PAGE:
Cancer, diabetes, and other life-threatening diseases put day-to-day life in perspective. Suddenly, minor inconveniences become less significant and getting better becomes the sole focus. When patients are diagnosed with a chronic or life-threatening illness, they want choices and access to the newest and best care available. Yet, many treatments are designed for the “average patient,” which leaves some patients searching for another solution. That’s where precision medicine comes in.

Precision medicine, which has emerged as a primary approach for disease prevention and treatment for complex health conditions, uses individual variations in genes, environment, and lifestyle to develop diagnostics, prognostics, and therapies to target, treat, and monitor patients’ conditions. The medical management of chronic and life-threatening illnesses has been evolving toward precision medicine for a number of years, but making personalised medicine accessible is not something one institution can accomplish on its own.

Precision medicine is the future of cancer care. Precision medicine gives clinicians new tools, knowledge, and therapies to select which treatments will work best for which patients. Early successes in the field of precision medicine have shown that insights into the molecular machinery of a cancer cell can lead to therapies that target tumor cells, while largely sparing normal cells. Furthermore, the potential long-term benefits of precision medicine research are simple:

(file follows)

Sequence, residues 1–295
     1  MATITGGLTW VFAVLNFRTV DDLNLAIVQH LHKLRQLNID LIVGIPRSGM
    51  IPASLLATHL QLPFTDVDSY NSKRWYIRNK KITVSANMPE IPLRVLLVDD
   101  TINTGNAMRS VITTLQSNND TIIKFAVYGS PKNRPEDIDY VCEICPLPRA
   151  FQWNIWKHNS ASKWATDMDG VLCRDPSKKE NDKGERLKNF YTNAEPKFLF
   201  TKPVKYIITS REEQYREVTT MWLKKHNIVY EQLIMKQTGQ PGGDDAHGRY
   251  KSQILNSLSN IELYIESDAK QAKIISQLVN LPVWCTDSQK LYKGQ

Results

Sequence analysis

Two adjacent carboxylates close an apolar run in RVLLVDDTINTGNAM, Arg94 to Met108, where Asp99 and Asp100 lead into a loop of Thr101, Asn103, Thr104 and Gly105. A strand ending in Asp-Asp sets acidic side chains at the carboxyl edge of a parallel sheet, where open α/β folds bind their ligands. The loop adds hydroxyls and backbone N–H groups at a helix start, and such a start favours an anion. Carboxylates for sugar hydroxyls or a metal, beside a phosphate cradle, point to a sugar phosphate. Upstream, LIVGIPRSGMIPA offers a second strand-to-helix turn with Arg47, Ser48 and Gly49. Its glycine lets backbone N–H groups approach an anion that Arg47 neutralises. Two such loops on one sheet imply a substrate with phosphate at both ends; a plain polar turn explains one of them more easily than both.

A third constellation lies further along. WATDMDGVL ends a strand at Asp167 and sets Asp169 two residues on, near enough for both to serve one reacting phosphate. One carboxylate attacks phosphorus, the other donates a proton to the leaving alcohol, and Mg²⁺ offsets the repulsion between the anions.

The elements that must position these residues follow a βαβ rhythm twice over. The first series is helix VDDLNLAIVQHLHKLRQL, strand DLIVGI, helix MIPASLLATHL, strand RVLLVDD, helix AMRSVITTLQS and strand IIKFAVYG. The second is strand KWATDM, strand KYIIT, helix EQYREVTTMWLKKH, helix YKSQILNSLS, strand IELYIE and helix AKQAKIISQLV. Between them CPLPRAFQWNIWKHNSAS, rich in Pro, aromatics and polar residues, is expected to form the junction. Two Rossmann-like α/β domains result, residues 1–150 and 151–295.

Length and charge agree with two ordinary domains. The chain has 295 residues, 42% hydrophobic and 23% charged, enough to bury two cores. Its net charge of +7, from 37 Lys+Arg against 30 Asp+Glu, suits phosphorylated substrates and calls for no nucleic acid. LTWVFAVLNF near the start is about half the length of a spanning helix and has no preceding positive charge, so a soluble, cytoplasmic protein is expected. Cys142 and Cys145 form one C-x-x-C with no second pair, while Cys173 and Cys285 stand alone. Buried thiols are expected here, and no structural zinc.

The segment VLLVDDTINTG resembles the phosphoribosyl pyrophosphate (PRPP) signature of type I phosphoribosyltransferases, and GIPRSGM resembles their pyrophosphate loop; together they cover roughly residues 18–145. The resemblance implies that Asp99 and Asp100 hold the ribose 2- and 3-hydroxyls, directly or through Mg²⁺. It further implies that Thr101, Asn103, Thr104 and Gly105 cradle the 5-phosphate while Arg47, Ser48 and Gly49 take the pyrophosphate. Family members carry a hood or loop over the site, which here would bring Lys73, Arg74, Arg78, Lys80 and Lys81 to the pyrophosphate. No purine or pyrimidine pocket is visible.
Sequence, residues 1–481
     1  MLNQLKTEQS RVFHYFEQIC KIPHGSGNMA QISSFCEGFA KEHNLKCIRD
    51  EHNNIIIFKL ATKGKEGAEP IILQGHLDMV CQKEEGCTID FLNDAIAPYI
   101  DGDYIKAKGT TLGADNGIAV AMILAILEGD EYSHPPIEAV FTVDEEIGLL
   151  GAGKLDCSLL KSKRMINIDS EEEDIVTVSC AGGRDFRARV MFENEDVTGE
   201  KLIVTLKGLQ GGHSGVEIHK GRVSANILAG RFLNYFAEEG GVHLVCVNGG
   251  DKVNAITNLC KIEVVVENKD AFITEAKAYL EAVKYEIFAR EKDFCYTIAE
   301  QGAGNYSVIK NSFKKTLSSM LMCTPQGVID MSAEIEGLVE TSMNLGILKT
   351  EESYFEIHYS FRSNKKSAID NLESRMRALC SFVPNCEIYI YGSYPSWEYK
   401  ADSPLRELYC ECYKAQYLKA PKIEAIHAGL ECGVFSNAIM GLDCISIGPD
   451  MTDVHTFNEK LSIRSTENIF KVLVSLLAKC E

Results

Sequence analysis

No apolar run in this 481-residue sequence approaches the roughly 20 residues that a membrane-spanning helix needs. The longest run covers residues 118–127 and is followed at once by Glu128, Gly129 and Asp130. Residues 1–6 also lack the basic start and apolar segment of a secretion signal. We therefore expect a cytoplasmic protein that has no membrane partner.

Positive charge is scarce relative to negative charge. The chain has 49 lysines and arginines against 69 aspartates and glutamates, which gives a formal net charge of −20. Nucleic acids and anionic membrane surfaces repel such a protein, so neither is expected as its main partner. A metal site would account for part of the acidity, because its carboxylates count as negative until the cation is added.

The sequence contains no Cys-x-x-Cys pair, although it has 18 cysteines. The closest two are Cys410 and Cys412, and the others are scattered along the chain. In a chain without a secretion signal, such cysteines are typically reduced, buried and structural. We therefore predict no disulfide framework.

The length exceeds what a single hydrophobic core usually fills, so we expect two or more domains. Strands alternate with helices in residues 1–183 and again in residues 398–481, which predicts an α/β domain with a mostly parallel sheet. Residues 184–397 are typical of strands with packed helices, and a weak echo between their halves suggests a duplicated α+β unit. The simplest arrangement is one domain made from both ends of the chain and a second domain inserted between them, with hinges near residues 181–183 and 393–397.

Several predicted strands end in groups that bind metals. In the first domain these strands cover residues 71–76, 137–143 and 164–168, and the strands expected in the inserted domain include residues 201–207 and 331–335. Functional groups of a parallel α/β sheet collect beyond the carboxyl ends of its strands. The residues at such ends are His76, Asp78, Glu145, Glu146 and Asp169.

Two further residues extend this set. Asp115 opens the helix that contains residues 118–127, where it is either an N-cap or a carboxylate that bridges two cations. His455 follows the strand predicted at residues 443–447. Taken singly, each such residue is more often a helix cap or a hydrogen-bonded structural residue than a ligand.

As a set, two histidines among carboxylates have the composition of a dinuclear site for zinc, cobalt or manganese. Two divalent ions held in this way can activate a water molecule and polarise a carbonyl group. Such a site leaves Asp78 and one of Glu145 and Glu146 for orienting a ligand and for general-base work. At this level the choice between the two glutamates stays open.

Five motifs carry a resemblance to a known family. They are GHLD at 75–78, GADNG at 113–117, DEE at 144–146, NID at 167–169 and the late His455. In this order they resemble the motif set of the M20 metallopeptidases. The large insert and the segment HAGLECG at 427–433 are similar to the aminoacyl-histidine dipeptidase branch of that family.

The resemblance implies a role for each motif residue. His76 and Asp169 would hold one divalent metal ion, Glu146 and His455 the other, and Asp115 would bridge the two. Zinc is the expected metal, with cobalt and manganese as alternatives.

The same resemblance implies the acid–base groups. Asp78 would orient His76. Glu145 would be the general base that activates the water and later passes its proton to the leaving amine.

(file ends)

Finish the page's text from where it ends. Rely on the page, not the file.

• wider adoption of collecting patients’ genetic and other molecular information as part of routine medical care;
  • improved ability to predict which treatments will work best for specific patients;
  • better understanding of the underlying mechanisms by which various diseases occur;
  • improved approaches to preventing, diagnosing, and treating a wide range of diseases; and
  • better integration of electronic health records in patient care, which will allow doctors and researchers to access medical data more easily.